I’ve walked past Bagot and Queen St. dozens of times in my four years at Queen’s, but when I saw a radically green living room set up, I had to do a double take.
For me the encounter wasn’t accidental.
Earlier in the day I’d climbed aboard a school bus packed with artists and art lovers for the opening tour of a six piece curated art project titled Art in Public Places Kingston.
The public exhibits are part of a show put on by xcurated Cultural Collective, created to stimulate discussion about art by situating it in public places. The theme, appropriately titled ‘Spectacle’, presented a dual question to audiences — is public art a spectacle in itself or does it only depict the spectacle already inherent in society?
We first stopped by Catherine Toews’ billboard piece on Taylor Kidd Blvd. which showed three fashion magazine inspired images of women looking vulnerable and exposed.
We then arrived at Lemoine Point Conservation Area to view what appeared to be a simple red tent in the middle of a field. As we headed down the trail, we were told that the tent was actually Robert Hengeveld’s Into the Wild.
No longer just a piece of camping gear, the interior had been spread with camouflage nylon and small pieces hung down like drying meat at a butcher’s shop.
The hung nylon alluded to an unsettling reality. Surrounded by the otherwise tranquil and natural lake, it was as if something dark was hiding in the shadows of the installation.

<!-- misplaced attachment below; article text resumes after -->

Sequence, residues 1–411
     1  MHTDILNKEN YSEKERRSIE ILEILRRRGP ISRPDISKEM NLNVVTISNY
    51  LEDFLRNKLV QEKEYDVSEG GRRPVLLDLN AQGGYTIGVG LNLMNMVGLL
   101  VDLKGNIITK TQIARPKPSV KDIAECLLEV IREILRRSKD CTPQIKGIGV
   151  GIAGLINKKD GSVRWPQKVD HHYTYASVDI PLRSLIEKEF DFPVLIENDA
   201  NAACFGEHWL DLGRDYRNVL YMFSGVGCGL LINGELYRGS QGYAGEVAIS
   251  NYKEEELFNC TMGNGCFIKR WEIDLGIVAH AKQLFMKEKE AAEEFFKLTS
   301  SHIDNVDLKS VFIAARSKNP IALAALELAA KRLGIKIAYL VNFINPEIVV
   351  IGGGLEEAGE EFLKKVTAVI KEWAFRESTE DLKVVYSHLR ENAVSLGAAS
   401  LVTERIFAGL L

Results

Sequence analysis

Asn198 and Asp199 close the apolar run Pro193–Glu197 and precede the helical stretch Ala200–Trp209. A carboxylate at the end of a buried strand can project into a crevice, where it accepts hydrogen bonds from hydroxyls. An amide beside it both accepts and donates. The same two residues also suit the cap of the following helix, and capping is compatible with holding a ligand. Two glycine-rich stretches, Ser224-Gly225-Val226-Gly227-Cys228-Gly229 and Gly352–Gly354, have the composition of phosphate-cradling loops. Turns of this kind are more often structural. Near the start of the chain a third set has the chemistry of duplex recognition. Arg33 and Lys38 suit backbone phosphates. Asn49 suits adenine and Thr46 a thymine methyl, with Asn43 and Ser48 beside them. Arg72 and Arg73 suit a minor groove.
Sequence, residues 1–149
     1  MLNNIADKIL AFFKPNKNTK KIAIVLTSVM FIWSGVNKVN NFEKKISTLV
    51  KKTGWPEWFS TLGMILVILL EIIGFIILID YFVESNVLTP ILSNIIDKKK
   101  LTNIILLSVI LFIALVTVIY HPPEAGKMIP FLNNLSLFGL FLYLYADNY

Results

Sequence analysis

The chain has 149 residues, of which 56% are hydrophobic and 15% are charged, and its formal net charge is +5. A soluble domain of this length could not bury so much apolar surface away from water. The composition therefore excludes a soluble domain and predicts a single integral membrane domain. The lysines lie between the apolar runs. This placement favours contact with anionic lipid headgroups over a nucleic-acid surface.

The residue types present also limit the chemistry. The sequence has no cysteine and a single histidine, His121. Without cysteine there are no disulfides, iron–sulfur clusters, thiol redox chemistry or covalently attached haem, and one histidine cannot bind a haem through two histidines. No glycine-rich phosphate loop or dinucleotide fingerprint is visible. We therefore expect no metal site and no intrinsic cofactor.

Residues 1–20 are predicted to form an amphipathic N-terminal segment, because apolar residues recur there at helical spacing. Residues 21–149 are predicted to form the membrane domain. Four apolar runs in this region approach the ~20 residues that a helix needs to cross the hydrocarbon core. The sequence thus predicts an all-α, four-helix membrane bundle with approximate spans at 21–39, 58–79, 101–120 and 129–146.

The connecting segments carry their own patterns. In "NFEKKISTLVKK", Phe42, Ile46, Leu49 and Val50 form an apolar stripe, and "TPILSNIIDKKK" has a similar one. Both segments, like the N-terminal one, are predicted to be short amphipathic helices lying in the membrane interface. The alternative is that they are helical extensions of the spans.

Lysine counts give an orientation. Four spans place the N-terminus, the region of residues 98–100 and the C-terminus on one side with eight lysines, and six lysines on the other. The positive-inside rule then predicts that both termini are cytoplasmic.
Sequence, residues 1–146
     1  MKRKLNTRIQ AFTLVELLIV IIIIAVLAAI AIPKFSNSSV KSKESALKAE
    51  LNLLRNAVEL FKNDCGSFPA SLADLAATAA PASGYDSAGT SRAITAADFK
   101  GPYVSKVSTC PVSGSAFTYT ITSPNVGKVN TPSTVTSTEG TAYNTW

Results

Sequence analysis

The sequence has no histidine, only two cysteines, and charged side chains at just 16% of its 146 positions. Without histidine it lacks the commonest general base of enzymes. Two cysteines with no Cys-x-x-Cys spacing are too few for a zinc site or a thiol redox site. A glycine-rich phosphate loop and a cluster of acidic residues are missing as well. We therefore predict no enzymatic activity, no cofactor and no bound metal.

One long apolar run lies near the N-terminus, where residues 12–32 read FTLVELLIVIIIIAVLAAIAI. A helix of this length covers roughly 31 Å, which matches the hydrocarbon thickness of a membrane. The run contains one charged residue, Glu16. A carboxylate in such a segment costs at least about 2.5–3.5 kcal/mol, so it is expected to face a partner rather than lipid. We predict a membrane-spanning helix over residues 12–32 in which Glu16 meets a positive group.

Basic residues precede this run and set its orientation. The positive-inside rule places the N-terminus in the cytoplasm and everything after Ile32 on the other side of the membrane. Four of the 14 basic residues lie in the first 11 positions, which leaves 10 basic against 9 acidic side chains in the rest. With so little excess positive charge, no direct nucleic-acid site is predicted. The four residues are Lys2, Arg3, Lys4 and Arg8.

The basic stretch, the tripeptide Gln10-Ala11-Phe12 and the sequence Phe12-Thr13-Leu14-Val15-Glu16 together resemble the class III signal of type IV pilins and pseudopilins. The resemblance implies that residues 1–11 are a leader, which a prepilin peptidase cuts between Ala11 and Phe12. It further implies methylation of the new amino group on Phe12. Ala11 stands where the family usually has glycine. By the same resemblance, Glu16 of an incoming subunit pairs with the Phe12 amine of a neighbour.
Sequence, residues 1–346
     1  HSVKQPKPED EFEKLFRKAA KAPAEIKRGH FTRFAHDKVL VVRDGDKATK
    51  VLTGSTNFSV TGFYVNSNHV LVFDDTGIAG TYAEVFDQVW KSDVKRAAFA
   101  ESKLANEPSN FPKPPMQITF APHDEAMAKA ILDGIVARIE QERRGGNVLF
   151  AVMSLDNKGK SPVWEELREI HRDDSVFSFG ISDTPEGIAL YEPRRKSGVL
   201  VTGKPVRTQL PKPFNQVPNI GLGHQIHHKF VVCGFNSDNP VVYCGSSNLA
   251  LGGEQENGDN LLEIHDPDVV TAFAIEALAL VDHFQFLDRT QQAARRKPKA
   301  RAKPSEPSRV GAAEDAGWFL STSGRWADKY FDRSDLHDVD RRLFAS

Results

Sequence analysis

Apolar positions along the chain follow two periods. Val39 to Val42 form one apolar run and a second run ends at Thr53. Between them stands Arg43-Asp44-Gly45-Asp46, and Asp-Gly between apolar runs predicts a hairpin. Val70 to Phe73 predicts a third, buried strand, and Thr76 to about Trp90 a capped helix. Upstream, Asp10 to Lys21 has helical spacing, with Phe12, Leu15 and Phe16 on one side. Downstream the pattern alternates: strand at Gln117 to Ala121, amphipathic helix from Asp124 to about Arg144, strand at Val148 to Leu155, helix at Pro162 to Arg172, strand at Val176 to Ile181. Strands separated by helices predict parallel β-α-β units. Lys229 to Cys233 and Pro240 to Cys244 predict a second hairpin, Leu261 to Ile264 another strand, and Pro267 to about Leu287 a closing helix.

As the bus veered back downtown, Michael Davidge’s Pretty Vacancy appeared from the bus window — a neon-lit sign which was a literal representation of the Sex Pistol’s 1977 hit “Pretty Vacant” melding with the stylistic design of a motel’s vacancy sign. The mundane and lazy manifestation of a curious phrase makes this one stop that can be avoided.
Luckily, those without a car can view the best and most outlandish pieces of the collection within walking distance from campus. Inside a pit that will eventually be filled with condos lies Greenroom, a living room set partially cast out of hollow fibreglass.
Millie Chen and Warren Quigley’s piece was created to be a socially conscious satire on the corporate greening trend. The brown walls of the pit provided a contrasting landscape for the hues of green the work utilizes. It’s proven its purpose by already making passersby stop and stare at the brilliantly thought-out juxtaposition between interior and exterior.
Steven Laurie’s Donut Machine inside the Cataraqui Centre is also included in the collection but was not part of the tour.
The final stop of the tour took us to the tree in front of the Pump House Steam Museum to see Shayne Dark’s Free Form in Blue, a vibrant stack of cedar split rails covered in deep blue paint and nestled amongst the tree’s branches.
Dark’s installation was the most simplistic of the project, but also the most overt example of the theme of spectacles — enabling viewers to stop and question what public art means.
Art in Public Places Kingston runs until June 8.
A roundtable discussing the importance of public art will be held on June 7 at 7 p.m. in Market Square.
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